Rob On Stuff This is a collection of words.

Nothing to see here

Ah, isn’t it always the way? You start a development diary then have to spend the day doing a million and one other things instead? Just me then? Ah, typical.

I must admit I’m at that stage with the game where whats left to be done is pretty tedious and aside from getting to play through it yet again (which despite the length of time I’ve been working on this – I do still enjoy playing it immensely) to check that I haven’t made any major boo boo’s, most of the work now is just cutting and pasting level data across. As you can imagine, there’s not a great deal of satisfaction in this as its plotting co-ordinates a go go. Throw in a child biting at your ankles and the usual array of household chores to be done during the day and by the time you finally get to sit down and do something useful, you’re just too damn tired to want to open any code up.

Its also a problem with being more of a “creative” person than a coder. The fun bits for me are getting to sprite myself senseless, creating the explosion effects or toying with sound effects. Its always the code that holds me up!

Its not that I don’t enjoy coding, although I’m nowhere near a low level coder (hence I use GM) nor do I understand as much as I’d like -there is still something incredibly rewarding about being able to sit back and say “I just made that happen. I did that”

The initial problem comes not long after the rush, you have the idea – you’ve got the scribbles and so you eagerly get it all up and running and it works, and thats exciting. You know where you’re going to head with it and you splurge everything out from the depths of your brain into it, then once it works – you spend an age playing with the darn thing and congratulating yourself on getting something working again. Then you get the graphics together and start throwing them into the mix, and its all still fresh and exciting. You get to watch a few lines of code turn into a fully blown game over time, but once you’ve got all that – there’s nothing but variable tweaking and level building left to do – and I’m sure a lot of people out there really enjoy these things, but I always find them the absolute worst part of making a game.

Now, in the past – I’ve had a very careless attitude towards these things and eventually just let go before I tweak something beyond my original plan – but VI has been very different as I’ve a very clear goal of where I want the game to end up, always have done. Its the game I originally began making games to make, if you will. I’m ultimately not too bothered if I’m the only person on the planet who ever gets to play it when all is said and done as I’m writing it primarily for myself. After all, if someone else won’t make the game in your head, then that only leaves you to do it. However, the tweaking… well, its very easy to become obsessive over it in pursuit of perfection and hence I try and throw myself away from it for a while. Go off and play some games for a week instead, go and make some pretty wallpapers or write a tune – anything but open that window with all the game code in it again so that I don’t spend 4/5 hours endlessly tweaking the speed of a bullet or the timers on the enemy movement, or the blending on a sprite… I’m kinda inbetween this stage and wanting to go back and finish it all off at the moment. I know I need to play some stuff and just chill or I’ll end up frustrated and possibly break some of the hard work I’ve put in up to now, but there’s something nagging at me to just go and open the game up and work on it.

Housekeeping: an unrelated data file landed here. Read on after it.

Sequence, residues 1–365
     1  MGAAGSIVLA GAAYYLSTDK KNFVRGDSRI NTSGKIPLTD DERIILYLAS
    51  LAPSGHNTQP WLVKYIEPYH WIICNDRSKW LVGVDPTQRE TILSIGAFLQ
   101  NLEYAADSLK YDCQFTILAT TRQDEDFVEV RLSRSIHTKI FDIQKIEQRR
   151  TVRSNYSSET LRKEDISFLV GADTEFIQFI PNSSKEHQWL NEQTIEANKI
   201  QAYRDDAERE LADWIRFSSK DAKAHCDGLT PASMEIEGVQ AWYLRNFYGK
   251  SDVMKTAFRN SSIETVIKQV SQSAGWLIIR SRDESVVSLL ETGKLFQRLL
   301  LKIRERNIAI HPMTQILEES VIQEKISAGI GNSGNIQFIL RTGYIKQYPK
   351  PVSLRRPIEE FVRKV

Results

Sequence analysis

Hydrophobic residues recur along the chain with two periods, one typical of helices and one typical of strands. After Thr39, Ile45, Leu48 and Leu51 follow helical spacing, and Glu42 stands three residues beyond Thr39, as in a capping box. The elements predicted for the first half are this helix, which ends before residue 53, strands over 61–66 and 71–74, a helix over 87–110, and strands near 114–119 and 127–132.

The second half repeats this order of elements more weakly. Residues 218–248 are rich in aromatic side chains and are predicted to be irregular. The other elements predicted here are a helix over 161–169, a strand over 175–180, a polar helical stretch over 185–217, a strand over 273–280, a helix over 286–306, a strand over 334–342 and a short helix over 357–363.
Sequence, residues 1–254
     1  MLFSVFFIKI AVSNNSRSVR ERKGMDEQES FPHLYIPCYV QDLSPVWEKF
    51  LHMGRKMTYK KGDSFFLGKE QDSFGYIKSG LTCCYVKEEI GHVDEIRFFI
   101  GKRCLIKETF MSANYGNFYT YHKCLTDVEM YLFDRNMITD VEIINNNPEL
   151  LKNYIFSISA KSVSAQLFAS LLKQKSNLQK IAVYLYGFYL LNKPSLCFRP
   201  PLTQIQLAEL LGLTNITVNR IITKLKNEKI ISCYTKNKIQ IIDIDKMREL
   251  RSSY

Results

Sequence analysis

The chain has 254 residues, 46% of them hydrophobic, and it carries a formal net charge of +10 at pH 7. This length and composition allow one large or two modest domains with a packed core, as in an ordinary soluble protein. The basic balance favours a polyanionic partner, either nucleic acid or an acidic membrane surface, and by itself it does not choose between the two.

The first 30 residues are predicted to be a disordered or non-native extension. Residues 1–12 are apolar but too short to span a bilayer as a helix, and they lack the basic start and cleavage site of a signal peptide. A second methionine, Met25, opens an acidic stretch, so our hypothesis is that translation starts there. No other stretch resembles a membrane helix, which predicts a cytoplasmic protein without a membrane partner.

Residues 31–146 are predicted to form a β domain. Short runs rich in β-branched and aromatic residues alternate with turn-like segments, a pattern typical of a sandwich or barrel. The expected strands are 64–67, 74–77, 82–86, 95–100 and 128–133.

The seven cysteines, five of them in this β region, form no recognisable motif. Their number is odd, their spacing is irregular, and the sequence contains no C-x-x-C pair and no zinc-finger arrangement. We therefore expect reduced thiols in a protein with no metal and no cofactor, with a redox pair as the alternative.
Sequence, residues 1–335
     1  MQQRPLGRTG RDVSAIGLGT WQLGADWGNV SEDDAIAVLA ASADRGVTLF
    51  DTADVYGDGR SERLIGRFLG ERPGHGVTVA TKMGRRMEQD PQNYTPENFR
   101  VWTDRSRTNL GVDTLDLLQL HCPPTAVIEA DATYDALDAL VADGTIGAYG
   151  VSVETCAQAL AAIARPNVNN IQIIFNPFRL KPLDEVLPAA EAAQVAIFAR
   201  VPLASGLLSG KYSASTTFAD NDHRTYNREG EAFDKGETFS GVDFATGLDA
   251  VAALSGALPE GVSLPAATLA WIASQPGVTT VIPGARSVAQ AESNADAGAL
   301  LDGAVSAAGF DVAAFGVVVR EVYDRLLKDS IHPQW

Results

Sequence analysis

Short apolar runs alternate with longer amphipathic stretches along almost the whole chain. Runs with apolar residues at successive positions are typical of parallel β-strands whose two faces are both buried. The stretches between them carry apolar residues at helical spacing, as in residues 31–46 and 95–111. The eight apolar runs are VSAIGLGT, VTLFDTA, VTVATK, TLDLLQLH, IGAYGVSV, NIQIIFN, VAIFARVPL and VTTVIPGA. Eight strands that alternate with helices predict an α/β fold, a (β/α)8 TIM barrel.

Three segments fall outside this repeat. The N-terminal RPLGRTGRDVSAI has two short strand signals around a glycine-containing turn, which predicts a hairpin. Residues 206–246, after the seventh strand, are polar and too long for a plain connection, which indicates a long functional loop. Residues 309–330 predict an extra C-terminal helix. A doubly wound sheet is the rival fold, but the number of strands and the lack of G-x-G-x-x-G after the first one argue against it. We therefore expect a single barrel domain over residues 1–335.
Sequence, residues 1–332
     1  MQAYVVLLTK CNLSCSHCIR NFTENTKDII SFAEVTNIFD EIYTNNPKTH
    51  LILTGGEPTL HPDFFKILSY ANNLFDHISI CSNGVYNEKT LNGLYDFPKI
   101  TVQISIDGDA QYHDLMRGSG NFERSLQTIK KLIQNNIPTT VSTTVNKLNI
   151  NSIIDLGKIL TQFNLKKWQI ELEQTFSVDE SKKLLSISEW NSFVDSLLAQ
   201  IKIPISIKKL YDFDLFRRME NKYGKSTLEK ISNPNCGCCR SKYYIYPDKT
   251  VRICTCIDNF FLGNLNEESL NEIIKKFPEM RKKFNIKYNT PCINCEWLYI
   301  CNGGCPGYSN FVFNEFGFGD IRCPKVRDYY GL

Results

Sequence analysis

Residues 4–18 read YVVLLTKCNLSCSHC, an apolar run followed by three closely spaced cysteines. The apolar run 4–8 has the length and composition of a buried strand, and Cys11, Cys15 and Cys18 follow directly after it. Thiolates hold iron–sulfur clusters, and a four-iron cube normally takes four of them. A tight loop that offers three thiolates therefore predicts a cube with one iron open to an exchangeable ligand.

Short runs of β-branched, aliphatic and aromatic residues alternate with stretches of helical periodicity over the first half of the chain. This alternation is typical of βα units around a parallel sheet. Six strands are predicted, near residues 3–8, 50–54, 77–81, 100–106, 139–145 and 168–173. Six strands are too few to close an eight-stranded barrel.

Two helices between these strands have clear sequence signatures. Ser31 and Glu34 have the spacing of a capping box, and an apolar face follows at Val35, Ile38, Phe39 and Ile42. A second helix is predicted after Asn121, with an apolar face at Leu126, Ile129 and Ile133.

Ah, the omnipresent dilemma of making games.

I’m erring towards hammering at least a good percentage of the final bits and bobs over the next few days so all that is left is playtesting from my crowd of beta testing folks before release… wether life allows me that time at the moment, is a different matter, but fingers crossed.

Rob On Stuff This is a collection of words.

VI – The Story So Far

Christ on a bike, its been a long time since I first began work on this. The first entry on my hidden beta board is from the 29th September last year and within a few days I’d managed to get a pretty good prototype of how the game was going to play up and running. All well and good, but this is my first real approach at something completely written from scratch so I should have known it wouldn’t all be so simple.

The original plan for the game was to create a vectorised homage to Robotron, pulling together all the things that make me grin like a lunatic into one package.

Glowing vectors? Check.

Yak influenced eye monging effects? Check.

Abstract use of sound? Check.